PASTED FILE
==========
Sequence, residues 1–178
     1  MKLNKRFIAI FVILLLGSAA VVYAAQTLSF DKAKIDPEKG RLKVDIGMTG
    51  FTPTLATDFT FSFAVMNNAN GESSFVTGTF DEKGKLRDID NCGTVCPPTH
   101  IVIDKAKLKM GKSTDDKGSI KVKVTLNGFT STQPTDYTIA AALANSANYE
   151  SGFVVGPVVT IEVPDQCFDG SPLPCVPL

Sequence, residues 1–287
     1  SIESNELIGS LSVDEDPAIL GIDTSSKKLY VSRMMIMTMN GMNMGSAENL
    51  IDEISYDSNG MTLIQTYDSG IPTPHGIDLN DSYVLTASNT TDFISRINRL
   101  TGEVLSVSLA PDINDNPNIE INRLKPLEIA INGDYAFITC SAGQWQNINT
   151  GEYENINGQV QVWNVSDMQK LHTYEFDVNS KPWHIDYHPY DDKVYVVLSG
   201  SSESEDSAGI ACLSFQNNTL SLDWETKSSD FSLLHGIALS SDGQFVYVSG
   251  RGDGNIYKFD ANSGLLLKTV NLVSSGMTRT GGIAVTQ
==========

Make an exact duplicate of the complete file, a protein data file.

Sequence, residues 1–178
     1  MKLNKRFIAI FVILLLGSAA VVYAAQTLSF DKAKIDPEKG RLKVDIGMTG
    51  FTPTLATDFT FSFAVMNNAN GESSFVTGTF DEKGKLRDID NCGTVCPPTH
   101  IVIDKAKLKM GKSTDDKGSI KVKVTLNGFT STQPTDYTIA AALANSANYE
   151  SGFVVGPVVT IEVPDQCFDG SPLPCVPL

Sequence, residues 1–287
     1  SIESNELIGS LSVDEDPAIL GIDTSSKKLY VSRMMIMTMN GMNMGSAENL
    51  IDEISYDSNG MTLIQTYDSG IPTPHGIDLN DSYVLTASNT TDFISRINRL
   101  TGEVLSVSLA PDINDNPNIE INRLKPLEIA INGDYAFITC SAGQWQNINT
   151  GEYENINGQV QVWNVSDMQK LHTYEFDVNS KPWHIDYHPY DDKVYVVLSG
   201  SSESEDSAGI ACLSFQNNTL SLDWETKSSD FSLLHGIALS SDGQFVYVSG
   251  RGDGNIYKFD ANSGLLLKTV NLVSSGMTRT GGIAVTQ